In conjunction with other baths should be considered the Turkish, or Anglo-Turkish bath, in which dry air at a temperature of from 100° to 160° F., or more, is employed, the patient passing through graduated chambers during 20 to 40 minutes; when free perspiration has occurred, and lasted for some time, shampooing is commenced, and afterward the body is washed with copious lathers of soap and streams of water, warm, tepid, and finally cold. The effect of the warm applications and frictions is to stimulate both the general and cutaneous circulation, to relax the muscular tissue, relieve pain and congestion, to cleanse the openings of the skin-glands, and to eliminate through them morbid material and retained excretion. That the skin excretes urea has been proved by finding it in the perspiration of healthy persons (Landerer, Funke, Leube, etc.); but still more constantly in cases of scarlatina, nephritis, cholera, collapse, and chronic Bright's disease (Scottin, G. O. Rees, Fiedler, etc.). In such cases the urea may even form a crystalline powder on the skin, especially near the sweat-glands (H. Wood). Moreover, in diabetes the perspiration contains sugar; in rheumatism, lactic acid; in gout, uric acid; and in jaundice, biliary products. This being so, it is evident that the promotion of very free secretion from the skin-glands by the varied processes of the Turkish bath is a most efficient means of depurating the blood. The effect of the final cold douche or plunge is to contract muscular tissue both in the skin and deeper parts, and to stimulate and brace up the nervous system; hence this form of bath combines the good effects of both hot and cold applications. It should induce an agreeable sense of vigor and elasticity, and render the skin less sensitive to changes of temperature.

It does not, however, always succeed well; in some subjects, especially at first, sweating is not favorably induced, and they suffer from heat, malaise, and headache; the use of a wet towel with friction should then be tried, or gentle douching with warm water on first entering the bath; drinking cold water is also recommended for increasing the skin secretion, and often succeeds, but in my experience it has sometimes caused nausea and gastric pain.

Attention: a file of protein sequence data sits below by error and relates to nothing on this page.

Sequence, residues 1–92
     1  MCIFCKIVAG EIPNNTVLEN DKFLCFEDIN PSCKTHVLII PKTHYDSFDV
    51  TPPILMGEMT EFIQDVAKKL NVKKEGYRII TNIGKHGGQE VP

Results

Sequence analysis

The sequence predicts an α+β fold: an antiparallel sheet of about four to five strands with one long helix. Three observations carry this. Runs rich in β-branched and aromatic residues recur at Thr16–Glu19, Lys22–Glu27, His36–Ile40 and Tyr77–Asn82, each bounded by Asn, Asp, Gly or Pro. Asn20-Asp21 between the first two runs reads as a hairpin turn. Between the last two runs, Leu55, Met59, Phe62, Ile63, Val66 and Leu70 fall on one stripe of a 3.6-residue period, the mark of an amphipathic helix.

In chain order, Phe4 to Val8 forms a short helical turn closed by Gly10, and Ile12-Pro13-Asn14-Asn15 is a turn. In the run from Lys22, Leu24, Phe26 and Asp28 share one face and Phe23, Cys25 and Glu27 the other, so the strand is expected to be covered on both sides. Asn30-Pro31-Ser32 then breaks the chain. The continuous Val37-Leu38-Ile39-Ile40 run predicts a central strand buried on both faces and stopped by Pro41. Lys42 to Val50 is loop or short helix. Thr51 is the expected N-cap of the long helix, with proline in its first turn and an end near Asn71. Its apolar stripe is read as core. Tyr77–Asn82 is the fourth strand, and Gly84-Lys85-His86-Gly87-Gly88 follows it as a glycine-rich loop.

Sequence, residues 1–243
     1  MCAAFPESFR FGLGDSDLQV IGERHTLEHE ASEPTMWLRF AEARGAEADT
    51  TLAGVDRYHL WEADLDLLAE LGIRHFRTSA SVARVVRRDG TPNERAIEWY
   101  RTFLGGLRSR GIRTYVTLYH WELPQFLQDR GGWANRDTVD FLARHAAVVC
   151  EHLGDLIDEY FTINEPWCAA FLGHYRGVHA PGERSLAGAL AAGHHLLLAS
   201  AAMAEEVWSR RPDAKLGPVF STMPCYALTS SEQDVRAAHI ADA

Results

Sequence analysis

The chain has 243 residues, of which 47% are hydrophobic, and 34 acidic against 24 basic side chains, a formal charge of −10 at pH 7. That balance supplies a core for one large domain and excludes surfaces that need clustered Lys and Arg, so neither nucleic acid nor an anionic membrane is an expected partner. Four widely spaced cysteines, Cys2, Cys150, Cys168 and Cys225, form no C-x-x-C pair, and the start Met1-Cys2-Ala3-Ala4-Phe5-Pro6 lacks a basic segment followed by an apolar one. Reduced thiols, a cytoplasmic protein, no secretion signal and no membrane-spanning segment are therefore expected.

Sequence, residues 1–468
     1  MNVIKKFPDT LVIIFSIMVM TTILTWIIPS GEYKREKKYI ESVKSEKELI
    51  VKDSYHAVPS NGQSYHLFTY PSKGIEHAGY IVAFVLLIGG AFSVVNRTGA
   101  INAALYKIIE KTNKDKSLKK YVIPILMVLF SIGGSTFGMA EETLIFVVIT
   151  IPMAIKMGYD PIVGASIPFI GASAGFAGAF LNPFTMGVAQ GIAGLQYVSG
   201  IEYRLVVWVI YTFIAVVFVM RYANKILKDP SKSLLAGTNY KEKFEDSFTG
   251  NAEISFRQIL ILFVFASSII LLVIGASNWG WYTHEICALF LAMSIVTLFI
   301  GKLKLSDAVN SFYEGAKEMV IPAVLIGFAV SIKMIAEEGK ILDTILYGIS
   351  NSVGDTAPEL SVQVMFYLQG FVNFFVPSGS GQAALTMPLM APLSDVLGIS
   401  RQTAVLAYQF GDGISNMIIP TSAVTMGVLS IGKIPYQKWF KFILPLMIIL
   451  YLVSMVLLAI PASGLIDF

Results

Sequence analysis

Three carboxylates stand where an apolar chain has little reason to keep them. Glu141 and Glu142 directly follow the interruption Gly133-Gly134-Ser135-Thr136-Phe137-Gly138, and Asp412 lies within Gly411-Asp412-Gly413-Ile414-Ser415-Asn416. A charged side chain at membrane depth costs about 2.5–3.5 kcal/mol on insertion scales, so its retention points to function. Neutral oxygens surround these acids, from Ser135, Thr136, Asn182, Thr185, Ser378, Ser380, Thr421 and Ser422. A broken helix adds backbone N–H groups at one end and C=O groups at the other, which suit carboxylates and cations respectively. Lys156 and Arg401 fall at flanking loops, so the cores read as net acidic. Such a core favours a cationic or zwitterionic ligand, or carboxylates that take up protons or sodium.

Persons vary in their power of resisting heat, and although there are really few who cannot go through a Turkish bath with safety, there are many who suffer at first with some degree of oppression, faintness, and exhaustion. Hence, the first bath should be taken cautiously, not prolonging unduly the time in the hot chamber - say not beyond 20 to 30 minutes (the sensations will practically guide as to time), and finishing with the cold or nearly cold douche for a few seconds only, not with the plunge bath. It is a mistake to go over-fatigued into the Turkish bath, or within three or four hours after a good meal; or to dress too hurriedly, and go with still-perspiring skin into the open air.

Contra-indications to this form of bath are to be found in extreme debility from any cause, and in some conditions of pulmonary congestion or tendency thereto: chronic heart disease per se does not necessarily negative the bath, but requires extra precaution.